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Proving algebraic numbers are countable?

 Quote by SMA_01 There are finitely many polynomials of degree n. So if I show that the number of polynomials is countable, I can automatically say the roots are countable?
You can't 'automatically' say anything without giving a reason. Give a reason.

 Well because for an integer polynomial of degree n, there are at most n roots.

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 Quote by SMA_01 Well because for an integer polynomial of degree n, there are at most n roots.
That is certainly part of it. Nothing you are saying is wrong. I'm just not hearing the reason that the hint suggests you should be giving. Why is the number of integer polynomials of degree n countable (NOT finite)? You know it is. I know it is. Why is it?

 Is it because the sum of the absolute values of the integer coefficients, this sum will always correspond to a value in the set of all positive integers?

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 Quote by SMA_01 Is it because the sum of the absolute values of the integer coefficients, this sum will always correspond to a value in the set of all positive integers?
No. That's not it at all. Take the polynomial ax+b with |a|<2 and |b|<2. Count them all. Really, how many are there? Give me a number. This is what the hint wants you to do.

 You have a polynomial of degree 1. You have: lal=1, lbl=0 lal=1, lbl=1 and you can't have lal=0. So there are 2 polynomials?

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 Quote by SMA_01 You have a polynomial of degree 1. You have: lal=1, lbl=0 lal=1, lbl=1 and you can't have lal=0. So there are 2 polynomials?
Ok, we are getting somewhere. Actually a can be anything thing in {1,-1} and b can be anything in {1,0,-1} so I actually count 6=2*3 polynomials. The exact number isn't important. It just wants you to show the number is finite by giving an upper bound that is finite. I would say there are at most 3 choices for a and 3 choices for b and there is at most one root for each polynomial so the number of roots is definitely less than 3*3*1. Some of the polynomials I'm counting aren't degree 1 and some don't have roots and some have the same root, but its still an upper bound for the number of roots. Which is finite. What's an upper bound for a polynomial of degree n with |a_i|<m?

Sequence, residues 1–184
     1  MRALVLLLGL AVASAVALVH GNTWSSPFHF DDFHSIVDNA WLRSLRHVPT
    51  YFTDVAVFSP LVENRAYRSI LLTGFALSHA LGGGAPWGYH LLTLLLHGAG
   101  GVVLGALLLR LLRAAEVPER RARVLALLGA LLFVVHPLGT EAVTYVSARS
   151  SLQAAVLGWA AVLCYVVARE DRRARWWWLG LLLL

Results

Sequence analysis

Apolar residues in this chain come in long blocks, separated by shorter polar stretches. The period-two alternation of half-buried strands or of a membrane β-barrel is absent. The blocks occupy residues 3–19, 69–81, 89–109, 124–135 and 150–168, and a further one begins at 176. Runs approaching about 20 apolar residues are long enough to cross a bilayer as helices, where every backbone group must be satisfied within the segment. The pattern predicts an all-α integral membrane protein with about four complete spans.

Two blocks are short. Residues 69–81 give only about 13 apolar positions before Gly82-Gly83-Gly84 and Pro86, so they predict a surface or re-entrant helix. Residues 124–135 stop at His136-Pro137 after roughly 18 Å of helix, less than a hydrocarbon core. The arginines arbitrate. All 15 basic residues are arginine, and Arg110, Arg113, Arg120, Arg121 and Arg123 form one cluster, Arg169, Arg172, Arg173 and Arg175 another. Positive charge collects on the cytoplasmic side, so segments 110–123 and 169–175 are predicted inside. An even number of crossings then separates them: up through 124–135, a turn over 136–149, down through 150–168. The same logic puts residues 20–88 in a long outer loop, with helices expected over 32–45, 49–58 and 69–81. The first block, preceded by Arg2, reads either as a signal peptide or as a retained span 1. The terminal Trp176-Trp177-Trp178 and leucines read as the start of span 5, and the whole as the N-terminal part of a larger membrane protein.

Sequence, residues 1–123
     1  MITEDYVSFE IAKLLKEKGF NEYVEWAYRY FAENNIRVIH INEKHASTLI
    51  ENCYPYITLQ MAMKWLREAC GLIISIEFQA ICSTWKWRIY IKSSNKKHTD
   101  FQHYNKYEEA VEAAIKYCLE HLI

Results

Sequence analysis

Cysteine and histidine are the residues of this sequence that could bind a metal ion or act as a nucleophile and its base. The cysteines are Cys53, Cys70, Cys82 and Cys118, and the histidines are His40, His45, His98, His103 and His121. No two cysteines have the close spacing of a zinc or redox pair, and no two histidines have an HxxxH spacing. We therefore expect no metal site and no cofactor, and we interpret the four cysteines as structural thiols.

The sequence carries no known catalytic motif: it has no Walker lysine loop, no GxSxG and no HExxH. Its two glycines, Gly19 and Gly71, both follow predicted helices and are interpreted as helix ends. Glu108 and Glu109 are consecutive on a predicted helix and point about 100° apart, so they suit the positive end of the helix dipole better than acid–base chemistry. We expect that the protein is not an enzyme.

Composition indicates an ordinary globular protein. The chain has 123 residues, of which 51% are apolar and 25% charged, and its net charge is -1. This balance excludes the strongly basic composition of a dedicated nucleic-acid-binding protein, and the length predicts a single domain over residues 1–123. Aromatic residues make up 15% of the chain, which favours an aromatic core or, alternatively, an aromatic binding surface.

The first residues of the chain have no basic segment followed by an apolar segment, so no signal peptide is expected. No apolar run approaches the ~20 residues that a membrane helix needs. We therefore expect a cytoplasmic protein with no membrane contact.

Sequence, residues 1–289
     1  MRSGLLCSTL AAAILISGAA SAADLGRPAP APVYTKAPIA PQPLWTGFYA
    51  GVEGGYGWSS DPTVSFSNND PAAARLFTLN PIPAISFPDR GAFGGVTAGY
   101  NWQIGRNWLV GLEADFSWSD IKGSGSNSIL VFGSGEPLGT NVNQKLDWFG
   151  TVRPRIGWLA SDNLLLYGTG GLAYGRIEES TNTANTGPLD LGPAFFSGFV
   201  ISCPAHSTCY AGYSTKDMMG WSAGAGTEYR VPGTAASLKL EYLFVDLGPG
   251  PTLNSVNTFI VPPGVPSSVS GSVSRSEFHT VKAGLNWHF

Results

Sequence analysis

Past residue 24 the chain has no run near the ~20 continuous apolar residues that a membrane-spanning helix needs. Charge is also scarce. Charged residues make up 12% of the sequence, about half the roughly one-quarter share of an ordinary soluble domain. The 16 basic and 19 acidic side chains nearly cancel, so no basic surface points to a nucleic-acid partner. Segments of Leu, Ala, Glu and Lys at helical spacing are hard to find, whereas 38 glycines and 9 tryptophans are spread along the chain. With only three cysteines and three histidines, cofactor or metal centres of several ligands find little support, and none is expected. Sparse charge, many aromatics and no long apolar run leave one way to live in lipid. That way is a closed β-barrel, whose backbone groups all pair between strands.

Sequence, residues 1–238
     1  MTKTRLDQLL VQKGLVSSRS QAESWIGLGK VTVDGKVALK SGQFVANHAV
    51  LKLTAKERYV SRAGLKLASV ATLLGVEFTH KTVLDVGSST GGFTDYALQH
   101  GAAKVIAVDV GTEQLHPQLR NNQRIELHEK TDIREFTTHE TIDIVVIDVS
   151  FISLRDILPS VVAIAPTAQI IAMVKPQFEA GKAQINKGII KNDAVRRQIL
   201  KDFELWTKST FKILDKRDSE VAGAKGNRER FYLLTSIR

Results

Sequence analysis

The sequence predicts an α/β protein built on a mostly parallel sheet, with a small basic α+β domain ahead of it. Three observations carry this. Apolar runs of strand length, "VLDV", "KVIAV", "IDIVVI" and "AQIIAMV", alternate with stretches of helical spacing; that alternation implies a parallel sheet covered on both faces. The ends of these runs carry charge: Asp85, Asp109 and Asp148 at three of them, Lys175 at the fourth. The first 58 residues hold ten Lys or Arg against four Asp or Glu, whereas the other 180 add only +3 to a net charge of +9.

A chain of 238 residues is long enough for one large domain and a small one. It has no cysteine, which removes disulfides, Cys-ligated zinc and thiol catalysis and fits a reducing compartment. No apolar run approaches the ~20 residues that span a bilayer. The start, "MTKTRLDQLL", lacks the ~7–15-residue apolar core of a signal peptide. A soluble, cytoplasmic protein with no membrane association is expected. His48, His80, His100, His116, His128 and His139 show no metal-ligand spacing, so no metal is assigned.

Okay, I see how you did that. I'm not sure about the case of m, but I got that there are at most 2m-1 choices for each a_i, is that correct? If it is, then there are n+1 coefficients, and each coefficient can have at most 2m-1 choices, so (2m-1)^(n+1) polynomials, and [(2m-1)^(n+1)]*n is an upper bound? Edit: By a_i I took it as all the coefficients of the polynomial.

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 Quote by SMA_01 Okay, I see how you did that. I'm not sure about the case of m, but I got that there are at most 2m-1 choices for each a_i, is that correct? If it is, then there are n+1 coefficients, and each coefficient can have at most 2m-1 choices, so (2m-1)^(n+1) polynomials, and [(2m-1)^(n+1)]*n is an upper bound? Edit: By a_i I took it as all the coefficients of the polynomial.
Great! So the number of algebraic numbers satisfying a integer polynomial of degree n with |a_i|<m is finite. Do you see how to conclude the number of algebraic numbers satisfying ANY integer polynomial of degree n is countable?

 Yes, I see how it is finite. So then it is countable, because finite sets are countable, right?

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 Quote by SMA_01 Yes, I see how it is finite. So then it is countable, because finite sets are countable, right?
The roots of integer polynomials satisfying |a_i|<m are finite. But that's not what A_n is. You have to take a union over all m to get all of the contents of A_n. Why is that countable?

 Because the union of countable sets is countable, is that correct?

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